The world believes that the person is contributing at least a million dollars worth of work, so how can the world be on the short end of the deal? If the world thought it was a bad deal, they wouldn't make it.

But, perhaps your point was something else, and I'd be happy to discuss it.

With respect,
Charles1952



posted on Jan, 12 2014 @ 10:59 PM
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Dianec
I haven't read her book but it seems true that some religions seem to have more prosperous people within them. I've also noticed some negative qualities with "some" with some of the people within these groups (not generalizing), I personally couldn't integrate into my way of walking through the world. That's in every group though so if whatever they are doing makes them more successful and happier for their 70-80 years I say more power to them. Why not if it works for them but it doesn't mean it will fit for everyone.

My son wants to be a welder. I'm all for it. If he does what he's passionate about he won't work a day in his life, and will be as rich as those who feel a college degree is needed to gain that. I only hope there is a need for this when his time comes.


My cousin was an under\\$water welder and he was bringing home $5000 a week.



posted on Jan, 12 2014 @ 10:59 PM
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reply to post by Wrabbit2000
 


I had a quite a few basic level courses where I pulled high B to A grades in the lecture section just by really reading the text and checking up on review lectures to make sure I was picking up the right relevant info. Most of what you needed was in the text and the lectures were mainly just reviews of the material. I figured pretty quick that if I understood it once, I didn't need it again, and once or twice, I had lecturers who just plain confused me when the text presented it far more clearly the first time around.



posted on Jan, 12 2014 @ 11:03 PM
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reply to post by poet1b
 


I suppose you could argue in a sense that I was an overachiever just like my entire high school graduating class. It was our defining characteristic. Why is that bad. I did it because things interested me, and I enjoyed it.

Why such disdain for people who want to do well at things, really well at them?

You seem to think that it's a bad thing, and they only want to do it because they are overly greedy.

I'll tell you that I wanted to be the best I could be because I wanted to see how far I could go and how good I could get. It wasn't out of any desire to stomp all over other people's dreams. Is it wrong that turned out to be the top female athlete in my state my senior year? Was that too ruthless of me?



posted on Jan, 12 2014 @ 11:08 PM
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And her children will probably get divorced 3 times because they have no social skills whatsoever.

While Tiger mom may be right in that some cultures are much more "successful" depending on how you describe success, because their children hit the books for 16 hours a day. But those cultures also have much higher suicide rates.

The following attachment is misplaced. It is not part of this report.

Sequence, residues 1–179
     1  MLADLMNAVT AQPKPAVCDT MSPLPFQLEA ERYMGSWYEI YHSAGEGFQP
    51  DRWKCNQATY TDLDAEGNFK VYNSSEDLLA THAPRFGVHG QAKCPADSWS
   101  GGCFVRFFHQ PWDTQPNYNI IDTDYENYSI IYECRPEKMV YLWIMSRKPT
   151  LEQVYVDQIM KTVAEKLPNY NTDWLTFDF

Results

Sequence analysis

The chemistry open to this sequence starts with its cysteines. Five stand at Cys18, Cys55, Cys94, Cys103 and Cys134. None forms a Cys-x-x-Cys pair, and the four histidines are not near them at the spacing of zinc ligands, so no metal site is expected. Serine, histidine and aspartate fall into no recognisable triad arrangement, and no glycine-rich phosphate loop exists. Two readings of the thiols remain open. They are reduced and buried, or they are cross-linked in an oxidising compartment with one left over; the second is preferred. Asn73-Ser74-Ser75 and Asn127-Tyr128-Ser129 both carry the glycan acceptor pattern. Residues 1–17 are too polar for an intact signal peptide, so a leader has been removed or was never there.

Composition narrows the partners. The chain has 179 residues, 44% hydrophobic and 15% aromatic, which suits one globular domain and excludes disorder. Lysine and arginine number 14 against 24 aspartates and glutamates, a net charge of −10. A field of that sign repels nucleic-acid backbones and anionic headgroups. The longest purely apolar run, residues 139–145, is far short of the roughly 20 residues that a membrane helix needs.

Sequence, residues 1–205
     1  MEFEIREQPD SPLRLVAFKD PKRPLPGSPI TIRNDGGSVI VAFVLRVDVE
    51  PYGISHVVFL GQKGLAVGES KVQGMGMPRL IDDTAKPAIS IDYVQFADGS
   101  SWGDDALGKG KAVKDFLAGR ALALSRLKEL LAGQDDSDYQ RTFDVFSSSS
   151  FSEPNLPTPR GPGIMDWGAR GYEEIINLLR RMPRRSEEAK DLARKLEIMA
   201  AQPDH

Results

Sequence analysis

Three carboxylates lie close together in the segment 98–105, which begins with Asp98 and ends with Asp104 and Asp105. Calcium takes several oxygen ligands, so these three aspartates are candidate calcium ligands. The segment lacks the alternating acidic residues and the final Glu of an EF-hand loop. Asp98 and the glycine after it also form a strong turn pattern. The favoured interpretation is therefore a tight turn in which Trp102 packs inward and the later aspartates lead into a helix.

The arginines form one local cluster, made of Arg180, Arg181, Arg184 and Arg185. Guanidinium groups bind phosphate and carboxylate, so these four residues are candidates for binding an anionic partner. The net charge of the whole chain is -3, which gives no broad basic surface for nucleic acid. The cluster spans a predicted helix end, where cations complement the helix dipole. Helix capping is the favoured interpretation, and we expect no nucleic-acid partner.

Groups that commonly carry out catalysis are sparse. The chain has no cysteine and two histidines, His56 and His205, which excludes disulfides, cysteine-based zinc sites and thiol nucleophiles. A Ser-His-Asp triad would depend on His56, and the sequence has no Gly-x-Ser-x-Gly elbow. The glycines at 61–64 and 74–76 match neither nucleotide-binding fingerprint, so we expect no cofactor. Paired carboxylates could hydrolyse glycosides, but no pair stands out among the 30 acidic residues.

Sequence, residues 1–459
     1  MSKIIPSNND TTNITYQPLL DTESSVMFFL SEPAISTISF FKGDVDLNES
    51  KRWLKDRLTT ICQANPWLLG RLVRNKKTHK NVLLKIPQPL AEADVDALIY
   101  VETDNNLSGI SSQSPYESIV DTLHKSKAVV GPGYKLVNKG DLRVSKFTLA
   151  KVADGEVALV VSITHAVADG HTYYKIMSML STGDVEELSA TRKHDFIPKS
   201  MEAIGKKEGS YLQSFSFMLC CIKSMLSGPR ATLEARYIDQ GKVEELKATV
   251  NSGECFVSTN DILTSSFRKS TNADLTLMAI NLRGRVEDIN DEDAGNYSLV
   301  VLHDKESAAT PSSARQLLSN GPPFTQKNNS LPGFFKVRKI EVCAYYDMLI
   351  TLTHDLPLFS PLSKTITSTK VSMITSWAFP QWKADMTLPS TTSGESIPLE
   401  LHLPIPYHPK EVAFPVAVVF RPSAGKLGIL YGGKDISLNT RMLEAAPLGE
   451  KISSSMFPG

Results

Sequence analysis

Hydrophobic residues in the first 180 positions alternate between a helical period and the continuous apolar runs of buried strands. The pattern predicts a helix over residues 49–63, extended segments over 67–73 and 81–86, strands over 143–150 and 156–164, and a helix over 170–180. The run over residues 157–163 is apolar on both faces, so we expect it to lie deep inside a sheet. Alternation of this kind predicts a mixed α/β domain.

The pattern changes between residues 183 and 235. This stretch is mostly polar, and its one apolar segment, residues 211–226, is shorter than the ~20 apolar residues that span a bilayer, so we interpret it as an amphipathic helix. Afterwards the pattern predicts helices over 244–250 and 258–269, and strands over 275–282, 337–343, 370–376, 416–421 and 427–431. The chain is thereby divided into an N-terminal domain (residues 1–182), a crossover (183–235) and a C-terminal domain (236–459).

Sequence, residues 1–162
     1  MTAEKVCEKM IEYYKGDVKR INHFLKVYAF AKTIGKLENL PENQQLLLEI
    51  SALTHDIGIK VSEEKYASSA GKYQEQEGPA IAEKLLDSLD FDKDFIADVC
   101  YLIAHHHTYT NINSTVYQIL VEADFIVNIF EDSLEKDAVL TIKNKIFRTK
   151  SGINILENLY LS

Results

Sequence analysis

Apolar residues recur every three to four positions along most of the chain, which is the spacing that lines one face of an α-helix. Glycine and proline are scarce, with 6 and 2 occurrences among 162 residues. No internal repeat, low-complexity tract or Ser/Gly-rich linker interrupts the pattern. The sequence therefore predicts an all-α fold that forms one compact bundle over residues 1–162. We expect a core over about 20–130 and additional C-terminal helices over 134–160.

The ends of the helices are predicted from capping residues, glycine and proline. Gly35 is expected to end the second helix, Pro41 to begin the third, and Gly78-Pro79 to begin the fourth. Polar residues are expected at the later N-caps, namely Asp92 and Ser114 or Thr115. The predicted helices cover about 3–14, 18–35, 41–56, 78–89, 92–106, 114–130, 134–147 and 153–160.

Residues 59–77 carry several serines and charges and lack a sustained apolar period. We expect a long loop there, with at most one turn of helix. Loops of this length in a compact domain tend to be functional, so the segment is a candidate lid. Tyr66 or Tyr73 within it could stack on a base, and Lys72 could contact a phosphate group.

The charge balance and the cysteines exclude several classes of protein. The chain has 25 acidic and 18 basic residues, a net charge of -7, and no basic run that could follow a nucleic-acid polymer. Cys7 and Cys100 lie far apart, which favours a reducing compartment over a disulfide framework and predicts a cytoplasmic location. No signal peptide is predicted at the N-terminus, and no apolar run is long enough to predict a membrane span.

But for all her education and success, she has missed the basic societal structure in the US, that people become successful, and are good at what they do, because they want too be.

This is how American culture has operated since the settlers first stepped foot on land, you go for what you want.

While elementary education standards do lag behind most of the world, out of the top 20 universities in the world, 17 are held by the US. Because the people who WANT to get there, get there themselves.

Americans put a lot of stock in someone who chose their path, not forced into it. Tiger woods may have been one of the best golfers, but his social life is in flames because he has the emotional intelligence of a toddler, because he had tiger parents.

Those who do get into the top universities, did it on their own, because they wanted too, AND THAT, is success. Not because someone beat it into them. Not because they were forced too. And Americans put a lot of emphasis on that. If you were "groomed" for the job, we don't consider it a success story.

Just look at the story of Ben Carson.

People here achieve great things not because they are forced too, but because they wanted too. THAT is success.



posted on Jan, 12 2014 @ 11:12 PM
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zeroBelief
Never mind the social need for plumbers, carpenters, electricians, etc.

Everyone should receive a college degree.

This , according to Obama, is the norm.


Well, guess what, a college degree is not required by such fields.



And in the end, we are screwed.


One of my math teachers in high school got national teacher of the year, for developing a new style of learning for kids that was very success, and I can attest it did work.

But he said to us one day: I won this award, I have a masters in education, but my plumber makes 3 times what I do. Don't ever look down on anybody.

very grounded guy.



posted on Jan, 13 2014 @ 12:15 PM
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reply to post by charles1952
 


Um, maybe youwould be less confused if you read the Op.

Do you see "a superiority complex, insecurity, and impulse control as virtues that lead to a better society?


Isn't materialistic success achieved by giving the world, or a portion of it, what the world is willing to pay for?


Materialistic success is also achieved by lying cheating and stealing. Unfortunately, for some people, crime does pay. There are also many other roads to materialistic success that doesn't involve giving more to the world than taking.

In an idealistic world, we would all get back what we have put into society, but that is not how things work.